Increased Daily Water Intake Helps Protect Women from Recurrent UTIs

New research has found a link between increased daily water consumption and a lower risk for recurrent cystitis in women. 

Researchers studied 140 premenopausal women (mean age, 35.7 years) who reported a daily fluid intake of less than 1.5 L. The mean number of cystitis episodes in the previous year was 3.3. Participants were randomly assigned to either add an additional 1.5 L of water to their daily fluid intake (water group), or add no more fluid to their daily intake (control group). 

Over one year, the water group had a mean of 1.7 cystitis episodes (95% CI, 1.5-1.8) compared to 3.2 (95% CI, 3.0-3.4) in the control group. Three hundred twenty-seven cystitis episodes occurred in total, 111 in the water group and 216 in the control group. The mean number of antimicrobial regimens used to treat the episodes in the water group was 1.9 (95% CI, 3.0-3.4) and 3.6 (95% CI, 3.3-4.0) in the control group. The mean time between cystitis episodes was 142.8 (95% CI, 127.4-160.1) and 84.4 (95% CI, 75.4-94.5) days, respectively. From the beginning of the study period to the end, the water group saw greater urine volume (mean 1.4 [0.04] vs 0.1 [0.04] L; P < .001) and voids ( mean 2.4 [0.2] vs −0.1 [0.2]; P < .001), and decreased urine osmolality (−402.8 [19.6] vs −24.0 [19.5] mOsm/kg; P < .001). 

Cystitis, most often caused by a urinary tract infection (UTI), is one of the most common infectious diseases among women, according to the study authors. More than half of women experience acute uncomplicated cystitis. About 15% of all antimicrobial use is to treat UTIs.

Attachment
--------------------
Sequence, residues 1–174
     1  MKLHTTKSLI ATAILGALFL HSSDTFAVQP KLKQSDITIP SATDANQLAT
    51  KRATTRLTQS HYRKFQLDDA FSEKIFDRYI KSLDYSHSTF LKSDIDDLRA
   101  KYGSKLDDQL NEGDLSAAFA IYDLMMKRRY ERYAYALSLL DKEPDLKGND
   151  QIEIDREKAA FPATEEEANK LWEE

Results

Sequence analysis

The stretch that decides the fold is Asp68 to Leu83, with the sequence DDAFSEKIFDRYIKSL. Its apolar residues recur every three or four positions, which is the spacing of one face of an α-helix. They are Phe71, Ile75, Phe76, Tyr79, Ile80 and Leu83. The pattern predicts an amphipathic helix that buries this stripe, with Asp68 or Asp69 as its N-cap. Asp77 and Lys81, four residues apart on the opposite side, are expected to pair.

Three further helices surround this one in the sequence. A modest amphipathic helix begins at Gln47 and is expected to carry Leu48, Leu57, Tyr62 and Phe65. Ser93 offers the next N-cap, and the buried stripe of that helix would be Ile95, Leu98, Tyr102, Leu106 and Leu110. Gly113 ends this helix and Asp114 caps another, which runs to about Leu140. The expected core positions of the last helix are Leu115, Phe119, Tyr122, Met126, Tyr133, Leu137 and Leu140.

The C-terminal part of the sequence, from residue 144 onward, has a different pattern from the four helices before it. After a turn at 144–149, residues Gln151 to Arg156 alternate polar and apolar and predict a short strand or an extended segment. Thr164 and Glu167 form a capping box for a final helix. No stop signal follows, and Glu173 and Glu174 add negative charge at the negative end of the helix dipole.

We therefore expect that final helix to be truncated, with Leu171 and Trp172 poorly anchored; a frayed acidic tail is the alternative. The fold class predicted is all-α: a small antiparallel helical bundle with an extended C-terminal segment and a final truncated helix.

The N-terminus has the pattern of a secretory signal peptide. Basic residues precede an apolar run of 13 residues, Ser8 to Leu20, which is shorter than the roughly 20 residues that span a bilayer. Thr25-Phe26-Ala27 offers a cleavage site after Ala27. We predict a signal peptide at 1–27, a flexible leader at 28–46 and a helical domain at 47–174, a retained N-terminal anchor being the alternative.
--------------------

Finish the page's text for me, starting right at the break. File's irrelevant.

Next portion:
“The World Health Organization and others have highlighted the urgent need for novel antimicrobial-sparing approaches to infectious diseases,” the researchers wrote, adding, “One common recommendation is to increase hydration, based on the belief that dilution and flushing of bacteriuria is beneficial. However, published studies on the association between hydration status and risk of UTI are sparse and unconvincing.” 

The authors concluded that “it seems appropriate for clinicians who counsel healthy women with recurrent cystitis to routinely ask about daily fluid intake and to recommend increased intake of water, especially in those who drink no more than 1.5 L of fluids daily, as a safe and inexpensive alternative to strategies that employ antimicrobials. The resulting reduction in antimicrobial use for treatment and prevention of cystitis in women is likely to have an important beneficial effect on antimicrobial resistance.” 

Selected Children with Complicated Acute Urinary Tract Infection May be Treated with Outpatient Parenteral Antibiotic Therapy at Home Directly from the Emergency Department 

Vitamin D Deficiency and Lower Urinary Tract Symptoms in Women 

Source: JAMA